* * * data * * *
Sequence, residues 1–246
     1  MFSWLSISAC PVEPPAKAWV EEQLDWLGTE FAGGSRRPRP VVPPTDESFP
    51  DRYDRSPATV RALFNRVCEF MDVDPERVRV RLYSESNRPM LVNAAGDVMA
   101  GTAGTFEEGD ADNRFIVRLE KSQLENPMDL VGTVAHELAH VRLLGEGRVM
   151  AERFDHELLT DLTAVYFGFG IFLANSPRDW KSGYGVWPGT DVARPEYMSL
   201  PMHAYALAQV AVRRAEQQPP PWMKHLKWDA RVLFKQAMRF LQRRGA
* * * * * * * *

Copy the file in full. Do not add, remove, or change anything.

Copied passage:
Sequence, residues 1–246
     1  MFSWLSISAC PVEPPAKAWV EEQLDWLGTE FAGGSRRPRP VVPPTDESFP
    51  DRYDRSPATV RALFNRVCEF MDVDPERVRV RLYSESNRPM LVNAAGDVMA
   101  GTAGTFEEGD ADNRFIVRLE KSQLENPMDL VGTVAHELAH VRLLGEGRVM
   151  AERFDHELLT DLTAVYFGFG IFLANSPRDW KSGYGVWPGT DVARPEYMSL
   201  PMHAYALAQV AVRRAEQQPP PWMKHLKWDA RVLFKQAMRF LQRRGA